Work in the woods must go on - in any weather

The majority of the trees currently being felled in Battle Great Wood were planted by the Forestry Commission in the 1960’s and 1970’s with the intention of supplying the commercial timber markets in the UK.

At this time there were 2 or 3 entrances into the forest used by workers and the occasional dog walker. I first worked in this forest in 1984 and the site of a dog walker then was quite rare.

In the relatively recent past the Forestry Commission established a car park at the main entrance on Marley Lane for the use of all, there is no charge for this facility and it is extensively used from before light until after dark even at this time of year, I know because I have spent more hours than anyone working in this forest over the past few weeks using the access point through the car park.

Traditionally the Forestry Commission Managed the state’s forests for timber production but in my 30 years in the industry the emphasis has very much changed and they now take very seriously their responsibilities with respect to recreation and conservation, but the trees that were planted as a crop, just like the farmer plants his crops on an annual basis, still need to be harvested.

Unfortunately some work has to be done somewhere, when weather and ground conditions are less than ideal for this type of work, I am afraid that this time it is the turn of Battle Great Wood. We have to earn a living for 52 weeks of the year, believe me if we could afford to just work in the dry summer months when the daylight hours are long and the sun is shining we would!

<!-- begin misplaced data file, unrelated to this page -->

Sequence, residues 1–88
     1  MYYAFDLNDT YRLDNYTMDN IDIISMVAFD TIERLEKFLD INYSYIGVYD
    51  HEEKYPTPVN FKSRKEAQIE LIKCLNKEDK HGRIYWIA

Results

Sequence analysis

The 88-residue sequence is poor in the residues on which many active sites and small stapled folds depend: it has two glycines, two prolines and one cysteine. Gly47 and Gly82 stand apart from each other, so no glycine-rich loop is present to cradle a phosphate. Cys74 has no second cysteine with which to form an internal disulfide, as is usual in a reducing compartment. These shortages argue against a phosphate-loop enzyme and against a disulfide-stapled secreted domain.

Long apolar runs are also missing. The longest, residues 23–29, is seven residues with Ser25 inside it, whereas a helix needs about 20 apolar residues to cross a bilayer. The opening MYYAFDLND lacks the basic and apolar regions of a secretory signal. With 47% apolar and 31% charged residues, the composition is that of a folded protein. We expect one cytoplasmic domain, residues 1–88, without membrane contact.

Reinstatement of the paths and tracks will take place as soon as ground conditions allow and the areas of trees that have been clearfelled will have all the lop and top raked into rows prior to re planting with native broadleaves (much better than those horrible conifers apparently, but don’t expect to still buy your garden fence panels, your garden sheds or your horse bedding shavings, made from UK grown timber in 40 years time!)

We are required for health & safety reasons to restrict access to certain areas of the forest whilst operations are taking place for the safety of the general public. We try to be reasonable with regard to closing off areas but when warning signs, red and white barrier tape and felled trees fail to stop people from “walking where I have always walked” it can become frustrating.

Bear in mind that a falling tree 70’or 80’ tall and weighing over a tonne is potentially very dangerous to any person or dog that strays into the work site unnoticed by the men carrying out the felling. If we were forced to work to the same constraints that are placed on the equally dangerous construction industry, the whole forest would be a total no go area to all but workers for the duration of the contract so think your selves lucky that you are still able to walk your dogs and ride your horses whilst the work is taking place at all.

There have been notices posted by the Forestry Commission at the entrances explaining the reasons for the tree felling and thinning to enable replanting and the development of the remaining trees. The vast majority of people that I have spoken to are quite reasonable and understanding with regard to the work we are doing in spite of the mess being made in places fully understanding that nature will take it’s course and in a year’s time the forest will have settled back to the “haven for children, dogs, horses and walkers” so missed at the moment by Pat from Battle.

In the meantime please take notice of the signs that are erected to inform the public of the dangers of entering certain areas, especially when you can hear machinery or chainsaws operating and allow us to complete the work safely. You can have your woods back soon.

Richard Smith. Hurst Green